Juliet has owned parrots for over 20 years. She currently has two cockatiels—Rascal and Coconut—who both have big personalities.
How to Identify a Blood Feather (Pin Feather)
When birds are growing new feathers, blood runs through the shaft of the feather. The shaft of the feather is like a tube, and when the feather is growing, blood runs through that tube all the way down the length of the shaft, providing nutrients that nourish the feather and help it grow. They're quite easy to identify because you'll actually be able to see the blood in the shaft of the feather. Blood feathers are also known as pin feathers, and all birds have them.
When the feather is fully grown and mature, blood no longer goes through it and the follicle closes. So then it's okay if the feather breaks or falls out or whatnot because it's not going to bleed, it's not going to be an issue. But when the feather is a new feather, a baby feather, it's growing and needs that nourishment, which is what the blood provides as it flows through the shaft of the feather.
What Causes Broken Blood Feathers?
Broken blood feathers quite often occur in the tail of the bird and the wing of the bird due to trauma—maybe the bird fell, bumped his wing too hard, or hit his wing somehow when he was flying. That can cause the feather to break and start to bleed.
What to Do If a Parrot Is Bleeding
Before rushing your bird to the vet, make sure you try to clot and reduce the bleeding as much as possible at home so that you're not wasting time and the bird is not bleeding as you're driving to the vet.
Put cornstarch, septic powder, or septic gel onto a square of sterile gauze and just put pressure on the bleeding area for several seconds. That should help it clot and hopefully subside the bleeding a bit. And then you can take the bird to the vet, and the vet can remove the broken blood feather or deal with it.
Don't Try to Remove a Broken Blood Feather at Home
The reason why you do not want to try and remove a blood feather yourself—unless you're very experienced—is because some blood feathers are actually growing from bone. There have been well-intended people who accidentally broke their bird's wing by removing the blood feather; since it was attached to the bone, pulling it out improperly actually broke the wing.
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Attempting to remove a blood feather at home can also cause it to break, and then the whole feather cannot be removed. That means the skin follicle is not going to close and that teeny bit of the shaft still stuck in there is going to bleed like a faucet, which is really dangerous for the bird.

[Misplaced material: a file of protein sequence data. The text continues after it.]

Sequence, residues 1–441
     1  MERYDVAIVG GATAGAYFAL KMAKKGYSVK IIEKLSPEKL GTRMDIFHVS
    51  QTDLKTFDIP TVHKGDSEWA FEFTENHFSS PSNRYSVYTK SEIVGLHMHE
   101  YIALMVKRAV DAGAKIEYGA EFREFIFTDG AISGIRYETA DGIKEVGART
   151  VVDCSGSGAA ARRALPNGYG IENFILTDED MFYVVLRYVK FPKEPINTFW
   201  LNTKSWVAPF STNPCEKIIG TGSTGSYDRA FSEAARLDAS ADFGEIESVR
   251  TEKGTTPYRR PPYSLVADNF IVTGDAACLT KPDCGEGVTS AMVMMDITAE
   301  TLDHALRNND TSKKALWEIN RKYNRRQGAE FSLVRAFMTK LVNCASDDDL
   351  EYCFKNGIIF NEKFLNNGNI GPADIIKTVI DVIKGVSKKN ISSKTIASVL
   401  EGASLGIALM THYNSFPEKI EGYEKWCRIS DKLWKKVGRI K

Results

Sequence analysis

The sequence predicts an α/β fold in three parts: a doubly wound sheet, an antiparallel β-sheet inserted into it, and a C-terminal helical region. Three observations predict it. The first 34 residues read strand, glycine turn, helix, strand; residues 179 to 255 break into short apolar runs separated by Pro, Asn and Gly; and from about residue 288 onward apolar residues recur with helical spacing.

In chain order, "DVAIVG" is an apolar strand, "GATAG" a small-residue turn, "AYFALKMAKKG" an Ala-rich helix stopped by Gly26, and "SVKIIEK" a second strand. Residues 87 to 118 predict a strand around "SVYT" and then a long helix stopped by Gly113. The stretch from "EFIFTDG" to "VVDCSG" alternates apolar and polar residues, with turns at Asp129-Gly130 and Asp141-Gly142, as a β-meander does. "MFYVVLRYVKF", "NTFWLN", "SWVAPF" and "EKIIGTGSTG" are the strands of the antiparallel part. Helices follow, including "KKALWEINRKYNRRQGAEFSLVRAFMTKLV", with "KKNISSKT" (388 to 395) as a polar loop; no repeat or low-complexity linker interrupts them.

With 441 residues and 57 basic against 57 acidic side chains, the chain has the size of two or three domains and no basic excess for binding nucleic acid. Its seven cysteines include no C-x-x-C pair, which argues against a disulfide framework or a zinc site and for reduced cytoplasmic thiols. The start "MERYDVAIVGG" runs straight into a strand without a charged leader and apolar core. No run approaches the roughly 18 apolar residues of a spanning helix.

How Do Vets Remove Broken Blood Feathers?
The vet would first secure the bird in a towel and then use tweezers if it's a small bird or needle-nosed pliers or a hemostat for larger birds. The vet is going to then take the tweezers, apply very firm pressure on the wing (securing the joint), get as close as possible to the skin follicle, and then pull firmly and quickly to really remove the feather.
Immediately after removing the feather, the vet is going to take a sterile gauze with cornstarch, septic powder, or septic gel and apply pressure to help seal the follicle so it stops bleeding.
Removing broken blood feathers is always best done with two people so that one person can hold the bird in a towel and secure it and then the other person is able to remove the feather.
Do Broken Blood Feathers Hurt?
Yes, if you aren't careful. The reason the vet pulls the feather out very quickly is that pulling very slowly can cause the bird a lot of unnecessary pain if the feather is inside the bone.
What Does a Broken Blood Feather Look Like?
The one good thing about blood feathers is that broken ones are quite easy to identify because you'll be able to see the blood in the shaft of the feather, and you'll see blood actually coming out of it. So it'll be quite obvious if your bird has a broken blood feather.
So that's one good thing about broken blood feathers—they're easy to identify, and then you can rectify the problem as quickly as possible because broken blood feathers are a true emergency and they must be dealt with as such. You don't want to delay treatment, you want to get to it as quickly as possible. Your bird can really lose a lot of blood through a broken blood feather.
Will a Broken Blood Feather Heal on Its Own?
So what happens when you're at home and you notice a broken blood feather too late (i.e., when the bleeding has already stopped)? Can you just leave it be? No.
Leaving that broken feather as is means it is now far more prone to start bleeding again if the bird bumps himself or hits himself the wrong way. So it's always better to err on the side of caution and take your bird to the vet. The vet can better assess if it's at the point where it's safe to leave the feather in there, or if it's better to just remove it. It's better to be safe than sorry.
This article is accurate and true to the best of the author’s knowledge. It is not meant to substitute for diagnosis, prognosis, treatment, prescription, or formal and individualized advice from a veterinary medical professional. Animals exhibiting signs and symptoms of distress should be seen by a veterinarian immediately.
© 2022 Juliet Csaky